Something artful gets lost in technical excellence of Sheppard's paintings


March 09, 1992|By John Dorsey | John Dorsey,Art Critic

The exhibit of Joseph Sheppard's work now on view at C. Grimaldis Gallery shows he can do a lot of things.

He can paint almost anything and make it look real at first glance, whether it's a person, a lobster, a grape, a flower. He's equally at home with individual figures, still lifes and crowded scenes with lots of action. He can organize a complex picture, such as "On the Ganges," so the eye travels where it's supposed to. He can deal with light, shadow and texture -- he can paint a bedcovering that has the proper weight, and make the folds and wrinkles of a sheet or a tablecloth look just right.

And he's not only a painter. The show also contains sculpture in bronze and in marble, revealing that Sheppard has technical skill in both media, and drawings that show him to be a well-trained draftsman.

Despite his skills, however -- or perhaps partly because of them -- the works fail to reach another dimension. Those very technical skills are too much of what the works are all about. Craft should be put in the service of art; it shouldn't get in the way of it.

These works are so carefully contrived that they end up being lifeless even when they contain action. "The Beach," with all that's going on in it, looks more like a tableau than a glimpsed moment. Like fiction and unlike life, art must be believable to be believed, and Sheppard's simply isn't believable.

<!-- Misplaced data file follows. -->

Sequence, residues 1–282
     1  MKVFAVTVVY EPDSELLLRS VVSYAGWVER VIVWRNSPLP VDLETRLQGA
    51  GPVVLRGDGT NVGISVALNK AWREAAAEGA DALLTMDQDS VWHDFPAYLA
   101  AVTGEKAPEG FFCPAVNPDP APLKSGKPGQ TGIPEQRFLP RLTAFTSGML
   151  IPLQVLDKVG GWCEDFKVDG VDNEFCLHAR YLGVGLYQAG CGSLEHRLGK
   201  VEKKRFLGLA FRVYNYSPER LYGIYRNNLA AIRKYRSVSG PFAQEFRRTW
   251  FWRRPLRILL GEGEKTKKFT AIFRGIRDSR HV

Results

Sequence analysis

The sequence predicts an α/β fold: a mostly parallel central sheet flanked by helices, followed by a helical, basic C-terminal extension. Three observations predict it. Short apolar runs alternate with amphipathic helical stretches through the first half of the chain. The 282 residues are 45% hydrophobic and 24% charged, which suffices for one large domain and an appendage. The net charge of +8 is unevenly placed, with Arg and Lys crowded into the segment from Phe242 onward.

Moreover, art must have something to do with its own time to achieve validity, and Sheppard's doesn't. It's not necessarily the works' subject matter that does it in. It is still possible to create valid still lifes, or figure studies, or landscapes, but they must have weight, substance, something to communicate. That's where Sheppard's work comes up empty. As a result, it simply looks hopelessly old-fashioned.

Nor is his work always absolutely flawless technically. The splashing water in "The Beach," for instance, doesn't look like splashing water -- it looks like paint. The little dots on the flowers in "Shells & Flowers" seem to be meant as drops of water, but they don't look quite right -- they look more like little pearls than water.

Sheppard is certainly not the only person doing this sort of work, and one must acknowledge that it has a considerable following.

The show continues through March 29 at the C. Grimaldis Gallery, 1006 Morton St. Call 539-1080.

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